To this Wittgenstein responds: “What nonsense! There is no such thing as experiencing the whole world as an illusion. There are particular illusions: experiencing an oasis in the desert, seeing the stick as bent in the water, etc. But in these cases we can recognize the illusion because overall we know we are experiencing the world. To show someone the bent stick is illusion, you take the stick out of the water. The doubt Descartes considers has no such grounding, and so is ill conceived: it has the outward form of a legitimate doubt, but that itself is an illusion. The doubt is only a confusion. The job of philosophy is to uncover this confusion, and free us from it.”
To see the flaw in this response, let’s distinguish between, what I will call, a status-quo context and a transformative context. A status-quo context is one in which a person feels at home in the prevailing social structures. A transformative context is one in which a person dislodges from prevailing social structures and feels that significantly new structures are needed.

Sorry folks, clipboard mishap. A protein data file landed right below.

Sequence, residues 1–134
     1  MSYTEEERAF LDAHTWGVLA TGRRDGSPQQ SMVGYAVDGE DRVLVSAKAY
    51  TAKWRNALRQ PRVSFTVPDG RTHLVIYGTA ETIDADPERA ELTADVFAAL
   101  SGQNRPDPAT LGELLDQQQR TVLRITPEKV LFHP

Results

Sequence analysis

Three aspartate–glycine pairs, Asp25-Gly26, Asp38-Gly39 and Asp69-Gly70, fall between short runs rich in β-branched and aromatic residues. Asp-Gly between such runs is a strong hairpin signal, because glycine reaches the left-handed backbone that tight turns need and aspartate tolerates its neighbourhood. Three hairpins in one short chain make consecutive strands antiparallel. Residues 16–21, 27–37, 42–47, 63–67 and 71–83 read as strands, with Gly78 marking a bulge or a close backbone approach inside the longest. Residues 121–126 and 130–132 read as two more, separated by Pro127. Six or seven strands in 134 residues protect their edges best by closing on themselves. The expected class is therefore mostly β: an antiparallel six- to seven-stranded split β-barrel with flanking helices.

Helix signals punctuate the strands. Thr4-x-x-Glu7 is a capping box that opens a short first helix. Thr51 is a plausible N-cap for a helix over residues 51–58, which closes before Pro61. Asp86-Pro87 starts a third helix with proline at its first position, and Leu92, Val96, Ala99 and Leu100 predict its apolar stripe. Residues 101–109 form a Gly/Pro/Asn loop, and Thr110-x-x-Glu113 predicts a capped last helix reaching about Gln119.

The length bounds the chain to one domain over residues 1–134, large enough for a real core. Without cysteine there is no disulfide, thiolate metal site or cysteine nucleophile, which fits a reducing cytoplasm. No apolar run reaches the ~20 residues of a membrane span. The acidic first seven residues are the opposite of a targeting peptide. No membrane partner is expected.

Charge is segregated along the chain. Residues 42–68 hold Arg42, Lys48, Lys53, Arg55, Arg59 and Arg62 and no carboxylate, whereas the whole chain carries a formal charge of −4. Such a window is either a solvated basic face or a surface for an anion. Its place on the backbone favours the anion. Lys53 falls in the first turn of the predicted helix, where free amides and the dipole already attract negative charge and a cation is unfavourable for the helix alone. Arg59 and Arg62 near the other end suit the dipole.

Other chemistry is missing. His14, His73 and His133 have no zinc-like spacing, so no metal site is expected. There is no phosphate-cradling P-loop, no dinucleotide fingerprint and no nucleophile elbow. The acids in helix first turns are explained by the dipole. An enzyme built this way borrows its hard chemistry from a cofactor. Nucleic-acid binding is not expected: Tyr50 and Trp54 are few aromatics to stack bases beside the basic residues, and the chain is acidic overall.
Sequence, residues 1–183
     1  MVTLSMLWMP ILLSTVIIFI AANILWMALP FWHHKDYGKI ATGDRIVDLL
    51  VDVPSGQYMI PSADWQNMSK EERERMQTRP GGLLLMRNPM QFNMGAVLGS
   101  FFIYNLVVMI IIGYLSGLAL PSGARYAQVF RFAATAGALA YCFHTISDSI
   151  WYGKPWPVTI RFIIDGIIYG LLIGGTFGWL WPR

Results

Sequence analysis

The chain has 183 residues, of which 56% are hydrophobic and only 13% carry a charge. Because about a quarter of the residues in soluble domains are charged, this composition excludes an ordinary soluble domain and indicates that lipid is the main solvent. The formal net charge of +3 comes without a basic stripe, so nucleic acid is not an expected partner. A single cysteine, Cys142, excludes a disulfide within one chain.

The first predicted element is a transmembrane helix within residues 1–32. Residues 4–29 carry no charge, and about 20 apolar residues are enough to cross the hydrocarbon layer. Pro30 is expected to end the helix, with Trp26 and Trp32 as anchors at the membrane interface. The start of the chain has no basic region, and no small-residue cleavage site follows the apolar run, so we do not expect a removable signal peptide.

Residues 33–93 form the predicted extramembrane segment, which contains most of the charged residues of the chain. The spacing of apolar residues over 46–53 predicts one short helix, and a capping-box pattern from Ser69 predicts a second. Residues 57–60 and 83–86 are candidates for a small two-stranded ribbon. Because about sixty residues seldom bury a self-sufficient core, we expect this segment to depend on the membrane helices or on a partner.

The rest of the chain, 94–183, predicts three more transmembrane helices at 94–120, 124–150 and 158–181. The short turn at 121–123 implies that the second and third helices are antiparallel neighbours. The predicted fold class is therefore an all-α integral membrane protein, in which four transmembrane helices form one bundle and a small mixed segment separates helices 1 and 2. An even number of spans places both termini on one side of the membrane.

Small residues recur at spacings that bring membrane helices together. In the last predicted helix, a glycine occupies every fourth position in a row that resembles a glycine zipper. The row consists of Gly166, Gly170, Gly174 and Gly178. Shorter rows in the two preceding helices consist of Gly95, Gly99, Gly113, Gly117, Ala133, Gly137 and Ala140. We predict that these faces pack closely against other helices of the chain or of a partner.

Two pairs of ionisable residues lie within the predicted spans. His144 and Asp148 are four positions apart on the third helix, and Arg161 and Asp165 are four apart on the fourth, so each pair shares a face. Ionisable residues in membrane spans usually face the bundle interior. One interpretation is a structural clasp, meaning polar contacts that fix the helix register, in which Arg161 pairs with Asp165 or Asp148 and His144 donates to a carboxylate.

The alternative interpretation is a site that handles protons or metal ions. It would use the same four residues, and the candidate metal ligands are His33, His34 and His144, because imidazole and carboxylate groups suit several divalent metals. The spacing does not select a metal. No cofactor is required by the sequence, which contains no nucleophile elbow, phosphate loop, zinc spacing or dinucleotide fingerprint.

One reason the pluralism issue can seem intractable is because there are so many dimensions to the problem, which are all different and yet inter-connected in many subtle, and not so subtle, ways.
The issue can seem strait-forward when it is thought of as “minorities not being oppressed”. But the surface coherence of this idea covers over what makes the problem so complex.
Think of a contemporary college philosophy department in America. The students in the department come from a variety of cultures and backgrounds from around the world. The students also have a wide variety of identities, including those of gender, race, economic background, sexual orientation, disability and many others. Given this plurality of student backgrounds and identities, what should the philosophy curriculum of the department look like?
Consider the dimension of culture and race. The curriculum right now at most departments in America, and especially at the elite (that is, the most financially well off) departments, is almost entirely based on Western, European-based philosophy. In most departments the focus in history of philosophy is ancient Greek and Roman philosophy from about 600BC to 400AD, modern European philosophy from 1600 to 1900, and European and American philosophy from the 20th Century. In some places the Medieval period between 400 and 1600AD is taught as well. I will call this general focus on Europe in the curriculum Eurocentrism.